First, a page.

Another day of sitting at your desk all day? Don’t ignore those “stand” notifications on your phone. Sitting for extended periods of time isn’t just a bore, it lead to an increased risk of heart disease, cancer, and other health issues. Staying sedentary can have similar impacts as obesity on bones and joints and can wreck havoc on nervous systems, clouding the ability to think clearly and causing pain.
Why sitting all day is bad.
According to a study published in the Annals of Internal Medicine, prolonged sedentary time (sitting) is associated with deleterious health outcomes regardless of physical activity.
It is estimated that nearly 3.2 million people die each year as a result of sedentary lifestyles.
That means even your hour of daily exercise won’t help if you average more time sitting than standing. And the World Health Organization (WHO) agrees, listing physical inactivity as the fourth leading risk factor for death globally.
The dangers of sitting too much
Who knew sitting was so bad for you? An unfortunate consequence of the modern labor force is that it requires us to stay put in front of our computers for extended periods. Employers often don’t understand the strain the put on their employees’ health when they aren’t held accountable for creating work environments that discourage time away from the desk.
Although the exact mechanism has yet to be determined, we do know that too much sitting leads to increased risk for heart disease – two-times higher than in more active individuals. The thinking is that because sedentary muscles burn less fat and blood flows more slowly through the heart when you are sitting, this allows for fatty acids to clog the arteries more easily. Excessive sitting is also linked to higher cholesterol levels and elevated blood pressure.
Increased cancer risk
Increased incidences of breast, colon and endometrial cancer are all linked to prolonged sitting, especially in women. Researchers for the American Cancer Society found that women who spend six hours of free time or more sitting per day have a 10% greater risk of getting cancer than women who spend less than three hours of free time sitting per day. One theory posits that this is because movement promotes the natural production of cancer-fighting antioxidants, which are missing when you sit too much.
It’s simple. Without movement, your body breaks down. Bones become brittle and weak without regular exercise and muscles and joints degenerate or get stiffer the longer you sit. Too much sitting your abs, glutes and hip flexors weaken. That means muscle wasting and even improper alignment of the hips and spine can lead to musculoskeletal injuries lower back pain.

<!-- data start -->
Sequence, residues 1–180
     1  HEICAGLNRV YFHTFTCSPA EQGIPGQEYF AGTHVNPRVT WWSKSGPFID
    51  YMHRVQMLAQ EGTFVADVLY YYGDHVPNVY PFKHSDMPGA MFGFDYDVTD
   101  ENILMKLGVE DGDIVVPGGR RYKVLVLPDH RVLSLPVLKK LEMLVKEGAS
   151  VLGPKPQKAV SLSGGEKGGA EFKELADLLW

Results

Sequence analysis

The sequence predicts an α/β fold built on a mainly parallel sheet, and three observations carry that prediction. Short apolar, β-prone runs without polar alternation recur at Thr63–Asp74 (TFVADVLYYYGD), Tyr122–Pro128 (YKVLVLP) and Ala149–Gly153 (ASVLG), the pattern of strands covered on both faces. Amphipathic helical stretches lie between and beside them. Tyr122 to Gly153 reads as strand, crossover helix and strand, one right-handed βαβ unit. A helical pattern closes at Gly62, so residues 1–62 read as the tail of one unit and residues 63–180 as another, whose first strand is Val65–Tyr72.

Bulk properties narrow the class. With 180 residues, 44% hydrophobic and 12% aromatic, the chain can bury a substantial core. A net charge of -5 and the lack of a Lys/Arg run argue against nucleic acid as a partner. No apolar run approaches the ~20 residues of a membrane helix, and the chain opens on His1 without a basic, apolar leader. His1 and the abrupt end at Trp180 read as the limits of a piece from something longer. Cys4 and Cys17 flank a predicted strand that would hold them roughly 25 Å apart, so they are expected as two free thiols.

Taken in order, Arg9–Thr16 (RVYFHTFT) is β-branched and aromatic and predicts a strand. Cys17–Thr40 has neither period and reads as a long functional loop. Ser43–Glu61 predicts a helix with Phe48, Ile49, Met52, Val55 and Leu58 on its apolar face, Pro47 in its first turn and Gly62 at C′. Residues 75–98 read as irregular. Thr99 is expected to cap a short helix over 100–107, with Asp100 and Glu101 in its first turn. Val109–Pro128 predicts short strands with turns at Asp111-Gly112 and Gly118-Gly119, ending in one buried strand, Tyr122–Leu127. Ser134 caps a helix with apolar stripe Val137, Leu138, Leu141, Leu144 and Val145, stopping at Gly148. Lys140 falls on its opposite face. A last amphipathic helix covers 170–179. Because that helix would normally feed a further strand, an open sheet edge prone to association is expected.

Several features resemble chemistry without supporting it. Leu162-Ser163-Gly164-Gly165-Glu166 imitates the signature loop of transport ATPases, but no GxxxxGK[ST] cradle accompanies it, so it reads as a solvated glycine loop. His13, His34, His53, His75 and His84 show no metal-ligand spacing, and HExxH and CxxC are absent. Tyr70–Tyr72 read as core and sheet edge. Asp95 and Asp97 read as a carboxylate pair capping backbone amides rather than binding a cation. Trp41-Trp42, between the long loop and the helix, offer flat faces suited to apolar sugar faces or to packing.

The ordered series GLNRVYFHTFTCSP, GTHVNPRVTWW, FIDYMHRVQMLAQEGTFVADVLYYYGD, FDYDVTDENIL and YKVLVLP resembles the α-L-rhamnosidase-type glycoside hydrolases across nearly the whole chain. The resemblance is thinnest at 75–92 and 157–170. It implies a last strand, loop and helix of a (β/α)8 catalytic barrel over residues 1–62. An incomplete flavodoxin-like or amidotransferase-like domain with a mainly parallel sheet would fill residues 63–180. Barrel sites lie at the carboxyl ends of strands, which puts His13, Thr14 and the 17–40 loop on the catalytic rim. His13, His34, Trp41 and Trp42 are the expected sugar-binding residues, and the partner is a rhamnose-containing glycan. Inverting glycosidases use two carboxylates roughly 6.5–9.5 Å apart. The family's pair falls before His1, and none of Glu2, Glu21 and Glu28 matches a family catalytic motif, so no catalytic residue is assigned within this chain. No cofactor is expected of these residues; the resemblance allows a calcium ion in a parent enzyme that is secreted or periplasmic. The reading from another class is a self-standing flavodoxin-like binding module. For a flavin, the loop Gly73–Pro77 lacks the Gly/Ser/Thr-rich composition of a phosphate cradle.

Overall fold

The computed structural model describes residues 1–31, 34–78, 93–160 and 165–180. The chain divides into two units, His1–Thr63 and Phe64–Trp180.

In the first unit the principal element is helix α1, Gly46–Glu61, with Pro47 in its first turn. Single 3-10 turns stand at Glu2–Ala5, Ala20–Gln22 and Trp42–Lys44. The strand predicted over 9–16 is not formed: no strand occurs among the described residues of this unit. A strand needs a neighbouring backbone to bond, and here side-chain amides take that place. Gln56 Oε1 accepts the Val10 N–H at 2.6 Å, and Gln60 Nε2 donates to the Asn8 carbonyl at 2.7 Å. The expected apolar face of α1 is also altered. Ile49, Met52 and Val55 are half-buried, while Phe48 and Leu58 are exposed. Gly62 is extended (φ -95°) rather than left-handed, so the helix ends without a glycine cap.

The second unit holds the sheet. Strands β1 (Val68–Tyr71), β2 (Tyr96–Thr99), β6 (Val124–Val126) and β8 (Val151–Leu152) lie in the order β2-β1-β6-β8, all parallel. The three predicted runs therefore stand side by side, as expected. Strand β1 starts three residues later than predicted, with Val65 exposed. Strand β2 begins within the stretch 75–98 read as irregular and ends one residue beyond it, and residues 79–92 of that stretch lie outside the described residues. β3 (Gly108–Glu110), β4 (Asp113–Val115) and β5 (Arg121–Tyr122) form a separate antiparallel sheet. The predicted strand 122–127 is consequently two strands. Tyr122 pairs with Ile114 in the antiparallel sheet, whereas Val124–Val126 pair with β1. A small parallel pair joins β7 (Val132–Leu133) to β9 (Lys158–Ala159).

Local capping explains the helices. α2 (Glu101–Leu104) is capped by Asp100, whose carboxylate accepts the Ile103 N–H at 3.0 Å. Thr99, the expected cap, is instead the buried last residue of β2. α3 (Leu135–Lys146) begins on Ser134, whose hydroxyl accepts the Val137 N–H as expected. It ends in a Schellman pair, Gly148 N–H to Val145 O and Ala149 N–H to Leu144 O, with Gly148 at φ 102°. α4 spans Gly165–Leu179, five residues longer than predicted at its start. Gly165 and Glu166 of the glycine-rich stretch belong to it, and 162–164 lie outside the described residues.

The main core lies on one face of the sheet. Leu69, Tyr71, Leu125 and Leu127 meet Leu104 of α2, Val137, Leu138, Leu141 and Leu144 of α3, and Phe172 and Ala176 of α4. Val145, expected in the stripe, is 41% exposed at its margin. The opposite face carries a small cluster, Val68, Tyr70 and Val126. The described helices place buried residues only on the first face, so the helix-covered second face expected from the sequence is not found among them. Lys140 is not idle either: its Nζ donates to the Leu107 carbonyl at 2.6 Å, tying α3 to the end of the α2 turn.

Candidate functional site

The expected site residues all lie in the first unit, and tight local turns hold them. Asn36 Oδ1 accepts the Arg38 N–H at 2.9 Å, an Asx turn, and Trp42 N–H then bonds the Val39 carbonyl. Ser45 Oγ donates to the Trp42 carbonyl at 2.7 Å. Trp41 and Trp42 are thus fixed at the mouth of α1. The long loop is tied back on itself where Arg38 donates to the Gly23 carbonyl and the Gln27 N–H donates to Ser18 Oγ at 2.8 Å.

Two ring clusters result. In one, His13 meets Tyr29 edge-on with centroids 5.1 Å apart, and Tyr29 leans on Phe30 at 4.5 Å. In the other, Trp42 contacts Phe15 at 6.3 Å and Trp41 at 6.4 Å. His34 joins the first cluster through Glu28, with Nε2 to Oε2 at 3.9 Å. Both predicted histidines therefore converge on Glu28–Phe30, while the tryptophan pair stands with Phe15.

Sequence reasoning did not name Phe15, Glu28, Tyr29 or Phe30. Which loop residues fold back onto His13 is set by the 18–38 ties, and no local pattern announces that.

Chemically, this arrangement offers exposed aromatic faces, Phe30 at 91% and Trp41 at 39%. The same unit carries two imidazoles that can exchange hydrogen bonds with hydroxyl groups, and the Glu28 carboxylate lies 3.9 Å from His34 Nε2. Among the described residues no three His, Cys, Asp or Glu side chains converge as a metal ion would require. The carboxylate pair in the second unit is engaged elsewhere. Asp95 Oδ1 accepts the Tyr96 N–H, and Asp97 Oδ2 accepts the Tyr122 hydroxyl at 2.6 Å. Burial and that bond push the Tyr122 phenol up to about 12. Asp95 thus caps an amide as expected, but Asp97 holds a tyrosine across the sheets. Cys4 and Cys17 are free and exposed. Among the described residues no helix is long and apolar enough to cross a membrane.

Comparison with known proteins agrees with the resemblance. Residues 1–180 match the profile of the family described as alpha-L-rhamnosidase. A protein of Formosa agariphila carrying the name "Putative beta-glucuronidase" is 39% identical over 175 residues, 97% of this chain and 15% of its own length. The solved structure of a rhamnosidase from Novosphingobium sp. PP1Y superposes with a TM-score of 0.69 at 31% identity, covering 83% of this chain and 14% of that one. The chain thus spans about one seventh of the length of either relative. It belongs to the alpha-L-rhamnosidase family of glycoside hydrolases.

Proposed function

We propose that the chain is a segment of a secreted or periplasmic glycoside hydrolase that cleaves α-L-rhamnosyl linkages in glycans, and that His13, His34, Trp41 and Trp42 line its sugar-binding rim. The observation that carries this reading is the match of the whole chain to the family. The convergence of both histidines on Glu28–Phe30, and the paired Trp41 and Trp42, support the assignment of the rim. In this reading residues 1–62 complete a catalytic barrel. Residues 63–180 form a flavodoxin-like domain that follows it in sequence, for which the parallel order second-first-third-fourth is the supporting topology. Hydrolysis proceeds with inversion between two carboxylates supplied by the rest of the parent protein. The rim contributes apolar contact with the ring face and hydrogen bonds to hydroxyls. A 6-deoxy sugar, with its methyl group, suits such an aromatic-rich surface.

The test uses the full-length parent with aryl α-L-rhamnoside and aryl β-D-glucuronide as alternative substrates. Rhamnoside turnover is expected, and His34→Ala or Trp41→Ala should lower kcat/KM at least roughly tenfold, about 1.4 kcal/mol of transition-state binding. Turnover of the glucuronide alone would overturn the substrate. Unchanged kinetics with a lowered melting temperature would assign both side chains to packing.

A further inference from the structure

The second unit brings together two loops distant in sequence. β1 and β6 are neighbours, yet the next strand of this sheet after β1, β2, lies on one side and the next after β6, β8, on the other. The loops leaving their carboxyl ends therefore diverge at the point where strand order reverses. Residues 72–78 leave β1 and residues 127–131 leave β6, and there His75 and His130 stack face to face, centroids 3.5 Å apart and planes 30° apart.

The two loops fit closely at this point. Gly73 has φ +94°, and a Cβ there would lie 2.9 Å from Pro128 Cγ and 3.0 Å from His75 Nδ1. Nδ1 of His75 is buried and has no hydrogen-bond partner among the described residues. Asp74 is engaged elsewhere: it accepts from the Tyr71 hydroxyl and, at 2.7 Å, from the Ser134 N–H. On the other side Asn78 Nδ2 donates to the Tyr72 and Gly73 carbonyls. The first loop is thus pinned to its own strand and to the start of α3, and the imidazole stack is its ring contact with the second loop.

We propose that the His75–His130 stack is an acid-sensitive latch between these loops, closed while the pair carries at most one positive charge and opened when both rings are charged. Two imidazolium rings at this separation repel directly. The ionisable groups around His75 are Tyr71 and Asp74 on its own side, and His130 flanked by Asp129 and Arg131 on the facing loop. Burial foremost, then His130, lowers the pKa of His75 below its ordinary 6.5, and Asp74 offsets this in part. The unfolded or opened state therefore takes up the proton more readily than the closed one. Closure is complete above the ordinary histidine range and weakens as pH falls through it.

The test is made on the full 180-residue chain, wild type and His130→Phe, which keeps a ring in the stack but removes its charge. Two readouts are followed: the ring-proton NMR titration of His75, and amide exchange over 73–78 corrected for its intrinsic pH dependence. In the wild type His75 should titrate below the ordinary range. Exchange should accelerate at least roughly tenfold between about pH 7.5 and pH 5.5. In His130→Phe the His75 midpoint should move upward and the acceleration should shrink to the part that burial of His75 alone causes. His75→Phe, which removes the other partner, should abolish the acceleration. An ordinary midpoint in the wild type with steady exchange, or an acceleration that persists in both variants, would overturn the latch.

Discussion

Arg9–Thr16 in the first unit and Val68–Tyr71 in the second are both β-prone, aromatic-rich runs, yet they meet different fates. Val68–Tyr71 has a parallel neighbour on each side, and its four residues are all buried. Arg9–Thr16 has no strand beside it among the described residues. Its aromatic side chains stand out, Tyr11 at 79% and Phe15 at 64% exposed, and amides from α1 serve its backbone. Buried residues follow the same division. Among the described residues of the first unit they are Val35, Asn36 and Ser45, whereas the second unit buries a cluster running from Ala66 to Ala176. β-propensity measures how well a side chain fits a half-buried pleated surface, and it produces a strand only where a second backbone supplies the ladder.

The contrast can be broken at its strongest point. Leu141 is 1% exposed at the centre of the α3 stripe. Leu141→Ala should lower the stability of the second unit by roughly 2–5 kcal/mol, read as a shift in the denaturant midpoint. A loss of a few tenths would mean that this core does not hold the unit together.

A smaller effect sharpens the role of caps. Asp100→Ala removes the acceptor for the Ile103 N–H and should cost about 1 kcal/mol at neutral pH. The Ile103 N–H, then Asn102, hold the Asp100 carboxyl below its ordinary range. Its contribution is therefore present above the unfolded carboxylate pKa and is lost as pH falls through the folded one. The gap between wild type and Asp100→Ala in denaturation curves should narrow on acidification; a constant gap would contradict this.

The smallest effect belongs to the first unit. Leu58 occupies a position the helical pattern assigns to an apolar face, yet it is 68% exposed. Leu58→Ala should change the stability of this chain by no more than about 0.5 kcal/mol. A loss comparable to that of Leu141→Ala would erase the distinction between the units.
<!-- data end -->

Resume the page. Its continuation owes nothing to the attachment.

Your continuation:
From sore shoulders to an inflexible spine, sitting too much and for too long really takes a toll on your back. Office workers, in particular, know all about the pains associated with sitting for long stretches throughout the day. Slouching, for example, stretches spinal ligaments, putting a strain on your discs that can result in lumbar herniation. And that’s not all. It also overextends shoulder and back muscles, like the trapezius and rhomboids, which can cause painful spasms and may even impact spinal nerves.
Decreased mental clarity
Sitting is a pain in the neck – literally – and it can also cloud your ability to think clearly. If you’re not seated with your back perfectly straight and the top third of your computer screen aligned with your eyes, you may be damaging more than intervertebral disc space. Cervical subluxations of the spine impede the synaptic transmission of neurological processes, which also decreases oxygen flow to the brain, making it harder for you to think clearly.
Sit less. Stand more.
Here are a few ideas to help you sit less and stand more at work:
- Switch from a seated desk to a standing desk – Bonus: standing burns 30% more calories than sitting.
- Set an alarm that reminds you to get up and walk around for two to three minutes every half hour while you’re at work.
- Drink more water for more walking trips to the bathroom (Hey, whatever works!)
- Go for a walk during your lunch break or host a walking meeting.
- Forget Slack and Google Hangouts; walk over to your coworker for a chat instead.
Do you know someone who might need a little incentive to sit less at work? Share this article with them, or even hang it up in your office.